A Thousand Splendid Suns, now onstage at the Old Globe Theatre, celebrates the resilience of the human spirit in an inspirational hymn familiar from countless other literary fantasies dating back to the earliest recorded memories of the human race.
Perseverance, goes this ancient refrain, will always pay off, making the torturous journey all the more fascinating and suspenseful. It’s a formula so effective that it’s taught as gospel in fiction-writing classes. Put the ship at risk! Strip the hero of resources! Start the celebration of evil’s triumph! Maybe even sacrifice an admired supporting character. Victory, when it inevitably comes, will be the sweeter.
The effectiveness of this as a story-telling device is obvious. But it is worth noting that some pathways just seem more uplifting than others. What honor is to be gained from individual survival if the evil continues to thrive? Some, probably, but enough for rejoicing?
Or are we just being set up for a sequel?
This play, the work of Ursula Rani Sarma based on a successful novel by Khaled Hosseini, relates a bitter tale set during the emergence of the Afghanistan Civil War and the Taliban movement at the end of the 20thCentury. The elegiac conclusion includes no mention of suicide attacks on the U.S.A. in September, 2001, and barely references Osama bin Laden or Al Qaeda.
If the spectacle of women and children being whipped and starved in aid of achieving some ideal result is what’s wanted, this is the shop for it.
I don’t know which disgusts me more, a culture that allows, encourages and even requires such destructive inequality between rulers and the ruled or the self-righteous individuals who exploit that culture for their own purposes.
Comparable outrages may be happening within mortar range of the Old Globe Theatre at Balboa Park, but they’re not institutionalized and enforced by agents of the government. In this Afghanistan, the bully rules with a cruelty often breathtaking.
Both playwright and novelist have done commendable work in finding characters worth pondering. What’s missing is comparable insight on how this mess turned so malignant. A frequent theme, never resolved, is where blame belongs, whose fault is it? The country’s prevailing religion preaches a benevolence that is hard to find in this story. More and more the question becomes, is survival worth this price.
What saves the play in this production is the glow of Carey Perloff’s staging. The long-time artistic director of San Francisco’s American Conservatory Theater commissioned the piece and wrapped it in a poetic gauze that floats on stubborn romanticism.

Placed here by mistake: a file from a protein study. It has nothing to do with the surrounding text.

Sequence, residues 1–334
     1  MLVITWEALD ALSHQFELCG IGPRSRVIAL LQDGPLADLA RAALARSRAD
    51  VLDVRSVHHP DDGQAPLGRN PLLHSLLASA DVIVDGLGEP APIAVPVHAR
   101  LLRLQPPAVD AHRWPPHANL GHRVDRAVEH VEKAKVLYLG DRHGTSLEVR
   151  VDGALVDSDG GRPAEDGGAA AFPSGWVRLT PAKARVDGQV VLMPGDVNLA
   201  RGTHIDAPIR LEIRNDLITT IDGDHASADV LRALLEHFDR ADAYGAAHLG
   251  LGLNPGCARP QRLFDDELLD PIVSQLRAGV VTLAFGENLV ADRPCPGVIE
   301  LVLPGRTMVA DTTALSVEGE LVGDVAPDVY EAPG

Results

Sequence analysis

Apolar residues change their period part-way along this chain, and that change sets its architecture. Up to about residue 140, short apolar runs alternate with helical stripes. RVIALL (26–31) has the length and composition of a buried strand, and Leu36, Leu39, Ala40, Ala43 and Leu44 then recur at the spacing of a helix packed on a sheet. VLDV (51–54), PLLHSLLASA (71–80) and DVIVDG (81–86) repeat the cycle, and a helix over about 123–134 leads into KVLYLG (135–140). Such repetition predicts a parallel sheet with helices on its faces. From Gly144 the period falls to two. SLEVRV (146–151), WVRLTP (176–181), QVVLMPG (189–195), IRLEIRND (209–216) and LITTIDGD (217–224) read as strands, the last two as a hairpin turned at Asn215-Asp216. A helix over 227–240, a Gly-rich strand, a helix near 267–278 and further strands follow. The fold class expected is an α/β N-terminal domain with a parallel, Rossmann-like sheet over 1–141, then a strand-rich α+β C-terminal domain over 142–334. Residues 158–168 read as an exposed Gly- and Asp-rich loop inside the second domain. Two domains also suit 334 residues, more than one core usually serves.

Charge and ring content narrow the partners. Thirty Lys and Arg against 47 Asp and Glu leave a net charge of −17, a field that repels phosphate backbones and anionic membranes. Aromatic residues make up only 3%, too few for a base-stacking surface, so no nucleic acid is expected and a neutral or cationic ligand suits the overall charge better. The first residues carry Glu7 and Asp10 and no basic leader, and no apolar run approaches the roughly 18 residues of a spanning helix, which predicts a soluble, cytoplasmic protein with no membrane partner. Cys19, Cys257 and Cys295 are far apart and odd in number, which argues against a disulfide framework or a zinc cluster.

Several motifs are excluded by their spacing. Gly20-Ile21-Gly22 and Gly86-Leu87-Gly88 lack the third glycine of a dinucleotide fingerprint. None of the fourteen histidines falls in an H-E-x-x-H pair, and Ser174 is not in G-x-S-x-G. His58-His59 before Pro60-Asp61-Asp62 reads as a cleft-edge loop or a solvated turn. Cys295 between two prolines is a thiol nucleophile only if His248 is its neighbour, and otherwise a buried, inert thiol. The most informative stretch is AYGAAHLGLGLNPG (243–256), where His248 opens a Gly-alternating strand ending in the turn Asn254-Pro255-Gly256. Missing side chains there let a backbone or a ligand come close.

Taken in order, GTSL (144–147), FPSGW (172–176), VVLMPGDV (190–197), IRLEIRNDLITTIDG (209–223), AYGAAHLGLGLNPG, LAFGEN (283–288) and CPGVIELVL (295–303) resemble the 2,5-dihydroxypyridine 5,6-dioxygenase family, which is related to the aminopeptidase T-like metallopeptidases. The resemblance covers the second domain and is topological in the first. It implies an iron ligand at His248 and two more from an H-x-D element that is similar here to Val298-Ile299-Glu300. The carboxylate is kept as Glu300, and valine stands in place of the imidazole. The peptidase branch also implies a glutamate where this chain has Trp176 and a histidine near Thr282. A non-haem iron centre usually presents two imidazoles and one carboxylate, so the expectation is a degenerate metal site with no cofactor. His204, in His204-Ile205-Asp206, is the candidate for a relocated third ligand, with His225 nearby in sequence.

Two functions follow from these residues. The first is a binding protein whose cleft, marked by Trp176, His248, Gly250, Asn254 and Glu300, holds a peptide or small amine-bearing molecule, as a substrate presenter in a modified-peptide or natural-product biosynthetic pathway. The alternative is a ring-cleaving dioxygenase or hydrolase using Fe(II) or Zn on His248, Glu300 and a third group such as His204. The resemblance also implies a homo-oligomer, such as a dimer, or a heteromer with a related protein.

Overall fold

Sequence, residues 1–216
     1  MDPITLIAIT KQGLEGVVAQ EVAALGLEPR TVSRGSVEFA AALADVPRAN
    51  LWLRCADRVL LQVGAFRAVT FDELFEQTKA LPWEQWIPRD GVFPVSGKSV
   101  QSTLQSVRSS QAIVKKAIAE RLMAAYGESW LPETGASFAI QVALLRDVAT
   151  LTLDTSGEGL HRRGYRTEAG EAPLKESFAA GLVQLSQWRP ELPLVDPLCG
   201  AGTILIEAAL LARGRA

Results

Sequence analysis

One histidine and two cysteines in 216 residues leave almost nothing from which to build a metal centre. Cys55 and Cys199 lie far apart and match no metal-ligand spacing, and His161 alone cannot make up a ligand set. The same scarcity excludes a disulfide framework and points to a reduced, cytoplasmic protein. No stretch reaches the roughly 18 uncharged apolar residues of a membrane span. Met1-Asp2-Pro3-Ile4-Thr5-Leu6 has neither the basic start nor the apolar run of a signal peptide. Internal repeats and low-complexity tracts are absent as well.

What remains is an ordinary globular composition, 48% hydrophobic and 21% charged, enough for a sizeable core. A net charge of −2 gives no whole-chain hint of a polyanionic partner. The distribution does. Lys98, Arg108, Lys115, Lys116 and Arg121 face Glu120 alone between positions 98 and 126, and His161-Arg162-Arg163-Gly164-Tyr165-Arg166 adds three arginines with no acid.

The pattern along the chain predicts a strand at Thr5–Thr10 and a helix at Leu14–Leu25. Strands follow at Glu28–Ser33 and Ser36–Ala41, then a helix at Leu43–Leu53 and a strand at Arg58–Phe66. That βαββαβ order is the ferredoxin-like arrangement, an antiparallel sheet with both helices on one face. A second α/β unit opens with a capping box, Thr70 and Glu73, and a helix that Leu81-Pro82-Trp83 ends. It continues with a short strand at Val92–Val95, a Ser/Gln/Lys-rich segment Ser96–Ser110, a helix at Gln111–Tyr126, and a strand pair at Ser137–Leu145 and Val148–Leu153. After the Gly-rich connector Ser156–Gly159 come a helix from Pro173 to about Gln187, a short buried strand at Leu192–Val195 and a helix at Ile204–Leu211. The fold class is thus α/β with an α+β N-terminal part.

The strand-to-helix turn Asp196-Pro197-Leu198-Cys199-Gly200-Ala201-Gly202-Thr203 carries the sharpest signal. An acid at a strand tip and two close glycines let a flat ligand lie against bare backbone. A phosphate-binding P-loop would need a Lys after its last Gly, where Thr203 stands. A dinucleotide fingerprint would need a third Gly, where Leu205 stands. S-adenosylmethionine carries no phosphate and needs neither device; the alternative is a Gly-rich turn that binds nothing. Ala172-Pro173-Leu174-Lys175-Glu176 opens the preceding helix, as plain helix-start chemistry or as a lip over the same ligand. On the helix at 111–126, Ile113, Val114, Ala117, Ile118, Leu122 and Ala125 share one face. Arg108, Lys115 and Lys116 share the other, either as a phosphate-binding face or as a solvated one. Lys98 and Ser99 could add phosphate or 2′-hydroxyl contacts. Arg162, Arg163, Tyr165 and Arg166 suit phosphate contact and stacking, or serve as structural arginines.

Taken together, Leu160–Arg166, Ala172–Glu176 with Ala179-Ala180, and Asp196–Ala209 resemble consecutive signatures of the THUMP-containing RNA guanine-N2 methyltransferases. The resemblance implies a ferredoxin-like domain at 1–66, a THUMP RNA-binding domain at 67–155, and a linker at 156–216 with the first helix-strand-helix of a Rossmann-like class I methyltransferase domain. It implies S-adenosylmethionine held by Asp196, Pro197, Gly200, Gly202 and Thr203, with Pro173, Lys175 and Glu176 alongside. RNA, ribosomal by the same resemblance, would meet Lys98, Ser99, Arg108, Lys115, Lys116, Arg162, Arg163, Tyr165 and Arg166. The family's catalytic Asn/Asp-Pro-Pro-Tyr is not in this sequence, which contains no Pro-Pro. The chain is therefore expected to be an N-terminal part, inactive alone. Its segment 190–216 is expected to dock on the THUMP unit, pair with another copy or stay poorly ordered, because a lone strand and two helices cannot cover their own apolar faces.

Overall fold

The outrage of brutish beatings; poetry read as bombs burst ever nearer; the struggle of a female medical team, clad in billowing burqas, to perform a cesarean birth without anesthesia; the desperation of a starving family with but one crust of bread… Perloff finds ways to bring many of the author’s images into lyrical focus without melodrama.
The scenery by Canadian Ken MacDonald is a major asset, dominated by a horizon of abstract, eloquent flexibility as lit by Robert Wierzel’s bold yet subtle palette of color washes. Linda Cho’s costumes, familiar now from decades of news photographs, anchor all to grim reality.
A major element in support of Perloff’s magic-making is the original music written and performed (mostly) on a flexible handsaw. There seems to be some electronic enhancement but Coulter’s presence, and the exquisite care with which he weaves the haunting airs, is richly stimulating.
Many of the actors were aboard for previous productions at ACT and in Calgary and all, including the newcomers, perform with seamless passion. Haysam Kadri is both moving and repellant as the head of the stunted Kabul household where most of the play is set, a vivid portrait of moral flab. Nadine Malouf is intense and moving as a girl first sheltered and then hurled into chaotic maturity. And Denmo Ibrahim, though starting slow in sullen despair, achieves an ennobling result.
There are characters which stir curiosity – Antoine Yared as a hapless lame suitor, Nikita Tewani as a maiden already being warped, Joseph Kamal as a dreamy intellectual – but there will be no time to follow them. Unless the misty final scene is in fact a setup for a sequel.
I confess that, despite all the art and craft on display here, my sense of loathing and outrage at the world on display largely erases further curiosity.
(Continues on the Old Globe Theatre’s Shiley Stage at 7 p.m. Tuesdays, Wednesdays and Sundays; at 8 p.m. Thursdays-Saturdays; and at 2 p.m. Saturdays and Sundays through June 17, 2018.)